US megachurch co-pastor Victoria Osteen accused of idolatry

(Photo: REUTERS / Kevin Lamarque)Joel Osteen, best-selling author and pastor of Lakewood Church in Texas, and his wife Victoria attend an Easter prayer breakfast hosted by U.S. President Barack Obama at the White House in Washington April 6, 2010.

A video has gone viral after the wife of megachurch Pastor Joel Osteen  statements on worship and pleasing God in an undated sermon that was widely questioned.

Victoria Osteen told Lakewood Church in Houston, Texas that worship is about making us happy more than it's about pleasing God, Christian Today reported Friday. The sermon was carried on You Tube.

Osteen ended her statement saying, "So I just want to encourage every one of us to realize when we obey God, we're not doing it for God - I mean, that's one way to look at it,

"We're doing it for ourselves, because God takes pleasure when we're happy."

Osteen is the author of the book Love Your Life, and is co-pastor at Lakewood Church. Her husband Joel is a famous televangelist and is known for his motivational speeches and books Your Best Life Now and It's Your Time.

The controversial 36-second video clip reaped various reactions from Christians in many places. Some commented that her statements are idolatrous.

Pastor Steve Camp of The Cross Church in Palm City, Florida told Christian News Network he felt sad seeing the video but he was not surprised at her remarks.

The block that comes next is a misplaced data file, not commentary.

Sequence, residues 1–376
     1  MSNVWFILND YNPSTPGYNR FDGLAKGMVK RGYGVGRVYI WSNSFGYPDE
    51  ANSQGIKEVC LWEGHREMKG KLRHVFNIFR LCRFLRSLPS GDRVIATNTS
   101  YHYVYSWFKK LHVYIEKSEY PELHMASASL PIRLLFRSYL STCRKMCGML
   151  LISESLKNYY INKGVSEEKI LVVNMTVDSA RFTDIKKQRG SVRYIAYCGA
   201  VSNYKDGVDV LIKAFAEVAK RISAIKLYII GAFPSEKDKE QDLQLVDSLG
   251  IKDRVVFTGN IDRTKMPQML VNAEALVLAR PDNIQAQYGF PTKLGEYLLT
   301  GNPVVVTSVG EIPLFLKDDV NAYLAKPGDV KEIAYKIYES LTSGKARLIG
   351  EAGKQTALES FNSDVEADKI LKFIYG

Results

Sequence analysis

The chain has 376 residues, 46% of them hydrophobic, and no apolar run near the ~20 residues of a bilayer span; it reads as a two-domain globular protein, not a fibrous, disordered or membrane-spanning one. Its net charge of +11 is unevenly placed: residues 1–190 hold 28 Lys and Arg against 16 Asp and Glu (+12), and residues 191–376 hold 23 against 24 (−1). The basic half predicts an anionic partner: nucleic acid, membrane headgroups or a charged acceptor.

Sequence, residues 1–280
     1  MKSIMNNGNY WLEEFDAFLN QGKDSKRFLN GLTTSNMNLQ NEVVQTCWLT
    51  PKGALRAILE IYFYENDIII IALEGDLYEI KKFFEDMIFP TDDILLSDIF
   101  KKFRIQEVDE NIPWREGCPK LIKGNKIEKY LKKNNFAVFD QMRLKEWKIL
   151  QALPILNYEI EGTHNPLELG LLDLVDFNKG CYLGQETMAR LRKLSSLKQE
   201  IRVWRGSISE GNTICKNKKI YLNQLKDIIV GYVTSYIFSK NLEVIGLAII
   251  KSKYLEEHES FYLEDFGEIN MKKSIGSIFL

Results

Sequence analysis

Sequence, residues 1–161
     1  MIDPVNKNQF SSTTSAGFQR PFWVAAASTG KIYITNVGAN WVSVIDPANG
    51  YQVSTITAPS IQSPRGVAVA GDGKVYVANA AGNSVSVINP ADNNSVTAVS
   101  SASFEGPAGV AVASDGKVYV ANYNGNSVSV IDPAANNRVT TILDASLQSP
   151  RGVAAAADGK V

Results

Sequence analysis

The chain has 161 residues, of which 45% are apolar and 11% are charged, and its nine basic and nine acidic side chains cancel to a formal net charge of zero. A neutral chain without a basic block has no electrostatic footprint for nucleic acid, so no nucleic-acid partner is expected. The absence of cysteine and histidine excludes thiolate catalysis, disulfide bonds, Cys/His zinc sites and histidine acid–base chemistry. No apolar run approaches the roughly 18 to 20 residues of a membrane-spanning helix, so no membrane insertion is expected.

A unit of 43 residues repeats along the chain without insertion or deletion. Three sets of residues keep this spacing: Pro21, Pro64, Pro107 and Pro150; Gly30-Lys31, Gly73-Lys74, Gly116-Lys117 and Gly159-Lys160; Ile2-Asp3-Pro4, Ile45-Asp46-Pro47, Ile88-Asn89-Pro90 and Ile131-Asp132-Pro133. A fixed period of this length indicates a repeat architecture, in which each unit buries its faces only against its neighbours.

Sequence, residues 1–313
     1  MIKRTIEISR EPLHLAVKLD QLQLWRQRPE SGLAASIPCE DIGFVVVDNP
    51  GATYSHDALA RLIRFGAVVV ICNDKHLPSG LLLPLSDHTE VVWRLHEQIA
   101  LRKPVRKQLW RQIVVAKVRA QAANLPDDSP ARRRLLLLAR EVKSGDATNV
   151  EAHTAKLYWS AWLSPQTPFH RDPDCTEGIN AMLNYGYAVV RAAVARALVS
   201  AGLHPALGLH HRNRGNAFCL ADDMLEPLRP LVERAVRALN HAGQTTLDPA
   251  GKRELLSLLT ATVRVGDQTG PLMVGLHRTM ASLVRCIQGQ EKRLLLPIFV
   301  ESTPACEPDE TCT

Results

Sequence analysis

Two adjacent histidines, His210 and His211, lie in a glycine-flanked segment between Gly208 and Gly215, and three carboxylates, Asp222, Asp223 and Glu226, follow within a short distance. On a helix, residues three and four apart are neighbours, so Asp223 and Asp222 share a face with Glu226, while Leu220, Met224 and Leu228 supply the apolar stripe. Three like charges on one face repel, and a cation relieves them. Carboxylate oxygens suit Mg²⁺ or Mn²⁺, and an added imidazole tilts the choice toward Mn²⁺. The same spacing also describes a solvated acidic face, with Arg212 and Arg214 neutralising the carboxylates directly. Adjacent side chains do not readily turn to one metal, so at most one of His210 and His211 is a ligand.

He said that Osteen's statements were humanistic in nature and contrary to scripture.

"It's the age old sin of idolatry - that it's not about God, it's about us," he said. "True worship for the humanist is about how we feel at the end of the day and what gives us meaning, as opposed to what gives God glory."

He also said that Osteen's words were essentially blasphemous.

Camp said that if Joel Osteen is to encourage Victoria, he should call her to repent.

"Repent of this self-oriented, feel good gospel you've embraced, and don't let your life be of any value to you or precious to yourself," he said.

Blogger Erick Erickson tweeted a clip from the 1995 movie "Billie Madison" to convey his opinion about the controversy.

"What you've just said is one of the most insanely, idiotic things I have ever heard. At no point in your rambling, incoherent, response, were you even close to anything that could be considered a rational thought."

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